13. 13. Energy Code Requirements for Data Centers ASHRAE 90.1 – 2010: 6.5.1 Economizers. Each Cooling System that has a fan shall include either an air or water economizer meeting the requirements of Sections 6.5.1.1 through 6.5.1.4. For data centers, economizers are not required for: • Small fan-cooling units less than 135,000 Btu/hr or 65,000 Btu/hr, depending on climate zone • Extremely hot and humid climate zones • Buildings with no central CHW plant, in which the total computer room cooling capacity is less than 250 tons • Buildings with a central CHW plant, and the computer room cooling load is less than 50 tons • Where cooling towers are not allowed • Addition of less than 50-ton computer room capacity to existing building • Various essential facilities (national defense, emergency response, etc.)
  14. 14. Energy Code Requirements for Data Centers ASHRAE 90.1 – 2010: 6.5.1.2 Water Economizers 6.5.1.2.1 Design capacity. Water economizer systems shall be capable of cooling supply air by indirect evaporation and by providing up to 100% of the expected system cooling load at outdoor air temperatures of 50 F dry bulb/45 F wet bulb and below. • For data centers, the requirement is relaxed slightly to allow 100% economizer cooling at 40 F dry bulb/35 F wet bulb and below • The code also allows dry-coolers for data centers, but they must provide 100% economizer cooling at 35 F dry bulb
  15. 15. Energy Code Requirements for Data Centers Important Changes to ASHRAE 90.1-2013: 6.5.1.2 Water Economizers • For data centers, the outdoor temperature limits for 100% water side economization are not a single condition, but are based on the individual climate zones 6.5.1.6 Economizer Humidification Impact. Systems with hydronic cooling and humidification systems designed to maintain inside humidity at a dew-point temperature greater than 35 F shall use a water economizer if an economizer is required by Section 6.5.1. • This essentially bans air side economizer systems for most data center systems if using a prescriptive approach.
  16. 16. Energy Code Requirements for Data Centers Important Changes to ASHRAE 90.1-2013: 6.6 Alternative Compliance Path • For data centers, the HVAC systems can comply by meeting minimum PUE requirements instead of Section 6.5-Prescriptive Path. • The minimum PUE values are based on the climate zone and range from 1.30 to 1.61. • PUE calculation is based on Green Grid Recommendation document dated May, 2011. • Option 1: Use peak PUE calculation (at 50% and 100% IT load) • Option 2: Use annual PUE, calculated with an approved hourly energy analysis program (DOE, BLAST, EnergyPlus, etc.)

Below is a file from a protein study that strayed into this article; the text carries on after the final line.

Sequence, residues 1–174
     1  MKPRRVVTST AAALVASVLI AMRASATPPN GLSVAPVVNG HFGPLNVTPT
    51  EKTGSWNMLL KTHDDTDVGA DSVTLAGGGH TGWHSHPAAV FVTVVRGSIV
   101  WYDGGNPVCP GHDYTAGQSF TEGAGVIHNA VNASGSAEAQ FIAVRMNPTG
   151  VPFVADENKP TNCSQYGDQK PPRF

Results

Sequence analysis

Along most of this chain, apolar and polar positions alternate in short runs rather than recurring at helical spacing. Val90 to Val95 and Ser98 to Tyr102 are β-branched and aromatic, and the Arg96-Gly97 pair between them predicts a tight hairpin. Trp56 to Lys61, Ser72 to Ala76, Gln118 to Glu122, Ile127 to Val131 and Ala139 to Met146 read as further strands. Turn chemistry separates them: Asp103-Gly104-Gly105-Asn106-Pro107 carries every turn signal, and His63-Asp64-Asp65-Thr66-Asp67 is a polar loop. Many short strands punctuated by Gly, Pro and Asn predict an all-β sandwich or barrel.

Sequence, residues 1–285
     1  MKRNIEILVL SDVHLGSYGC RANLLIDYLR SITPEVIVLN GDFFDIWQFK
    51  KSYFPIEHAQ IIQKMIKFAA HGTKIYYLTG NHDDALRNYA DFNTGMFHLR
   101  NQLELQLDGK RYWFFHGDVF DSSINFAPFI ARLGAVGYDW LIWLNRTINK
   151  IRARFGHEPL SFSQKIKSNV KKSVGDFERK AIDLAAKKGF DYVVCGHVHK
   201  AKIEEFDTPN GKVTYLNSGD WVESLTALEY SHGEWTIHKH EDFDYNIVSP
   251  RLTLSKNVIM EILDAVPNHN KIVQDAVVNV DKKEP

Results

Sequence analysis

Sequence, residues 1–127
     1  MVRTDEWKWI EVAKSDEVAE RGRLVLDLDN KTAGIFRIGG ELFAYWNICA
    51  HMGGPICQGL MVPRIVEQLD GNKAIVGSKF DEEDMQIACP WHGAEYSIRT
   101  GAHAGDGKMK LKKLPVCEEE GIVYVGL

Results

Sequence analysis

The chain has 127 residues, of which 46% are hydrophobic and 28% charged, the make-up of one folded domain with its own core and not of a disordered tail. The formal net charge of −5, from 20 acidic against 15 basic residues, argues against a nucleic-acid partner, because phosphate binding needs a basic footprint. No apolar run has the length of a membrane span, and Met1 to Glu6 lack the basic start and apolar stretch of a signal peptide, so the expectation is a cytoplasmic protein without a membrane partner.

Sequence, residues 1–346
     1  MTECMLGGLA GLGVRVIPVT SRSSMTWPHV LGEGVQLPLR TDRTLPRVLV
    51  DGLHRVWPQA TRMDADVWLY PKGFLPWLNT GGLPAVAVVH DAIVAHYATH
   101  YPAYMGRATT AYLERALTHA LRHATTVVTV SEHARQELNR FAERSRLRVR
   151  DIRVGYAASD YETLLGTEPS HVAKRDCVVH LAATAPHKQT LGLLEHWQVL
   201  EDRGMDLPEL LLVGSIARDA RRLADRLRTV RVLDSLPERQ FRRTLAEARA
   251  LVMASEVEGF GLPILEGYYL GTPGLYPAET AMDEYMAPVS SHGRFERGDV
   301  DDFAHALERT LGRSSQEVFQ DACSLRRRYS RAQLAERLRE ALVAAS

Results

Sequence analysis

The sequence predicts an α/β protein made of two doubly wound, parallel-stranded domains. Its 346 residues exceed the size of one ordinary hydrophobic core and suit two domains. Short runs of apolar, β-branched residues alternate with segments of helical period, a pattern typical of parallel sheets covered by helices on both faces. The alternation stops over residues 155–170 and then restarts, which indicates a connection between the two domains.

17. 17. Energy Code Requirements for Data Centers Title 24 – 2013: Highlights Specific to Data Centers • Data centers are exempt from normal economizer requirements • Air or water economizer required • Air economizer must provide 100% economization at 55 F dry bulb • Water economizer must provide 100% economization at 40 F dry bulb/35 F wet bulb • Economizer exceptions exist for small systems • Nonadiabatic humidification (steam, infrared) is prohibited
  18. 18. Energy Code Requirements for Data Centers Title 24 – 2013: Highlights Specific to Data Centers • Variable speed supply fans required for DX systems over 5 tons and all CHW systems • Supply fans shall vary airflow rate as a function of actual load • Containment required for data centers with a design load exceeding 175 W/sq ft • Containment exception for expansions and racks below 1 W/sq ft • Chilled water plants can have no more than 300 tons of air-cooled chillers
  19. 19. Relationships Between HVAC Efficiency and Power Usage Effectiveness (PUE) Bill Kosik, PE, CEM, BEMP, LEED AP BD+C, HP Enterprise Business, Technology Services, Chicago, Ill.
  20. 20. • Extreme regional variations in CO2 from electricity generation • Determine appropriate balance of water and electricity usage • Climate WILL impact HVAC energy use – select sites carefully • Use evaporative cooling where appropriate • Economizer strategy will be driven from climate characteristics • Design power and cooling modularity to match IT growth • Plan for power-aware computing equipment • Use aisle containment or direct-cooled cabinets • Design in ability to monitor and optimize PUE in real time • Push for highest supply temperatures and lowest moisture levels • Identify tipping point of server fan energy/inlet temperature • Minimize data center footprint by using high-density architecture DataCenterClimateSynergiesConvergence Levels of Optimization